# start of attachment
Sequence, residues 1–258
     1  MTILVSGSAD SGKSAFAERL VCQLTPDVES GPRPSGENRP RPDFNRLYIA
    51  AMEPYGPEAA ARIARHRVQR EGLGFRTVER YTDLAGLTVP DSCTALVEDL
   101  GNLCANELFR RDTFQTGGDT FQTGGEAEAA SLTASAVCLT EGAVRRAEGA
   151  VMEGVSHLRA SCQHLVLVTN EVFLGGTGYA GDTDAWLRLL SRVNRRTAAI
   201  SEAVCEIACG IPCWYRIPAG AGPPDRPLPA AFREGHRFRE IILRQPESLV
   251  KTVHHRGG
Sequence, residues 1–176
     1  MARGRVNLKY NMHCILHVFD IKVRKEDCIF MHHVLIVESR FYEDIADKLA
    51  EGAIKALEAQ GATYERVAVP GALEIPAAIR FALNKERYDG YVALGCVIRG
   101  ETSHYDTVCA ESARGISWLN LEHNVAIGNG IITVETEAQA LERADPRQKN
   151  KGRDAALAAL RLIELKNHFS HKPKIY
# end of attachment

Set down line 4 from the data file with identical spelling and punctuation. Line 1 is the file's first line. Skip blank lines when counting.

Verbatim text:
   101  GNLCANELFR RDTFQTGGDT FQTGGEAEAA SLTASAVCLT EGAVRRAEGA